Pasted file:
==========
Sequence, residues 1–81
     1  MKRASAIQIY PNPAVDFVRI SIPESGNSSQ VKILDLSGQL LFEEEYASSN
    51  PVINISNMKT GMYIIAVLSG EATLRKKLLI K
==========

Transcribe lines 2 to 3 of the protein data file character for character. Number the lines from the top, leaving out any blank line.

     1  MKRASAIQIY PNPAVDFVRI SIPESGNSSQ VKILDLSGQL LFEEEYASSN
    51  PVINISNMKT GMYIIAVLSG EATLRKKLLI K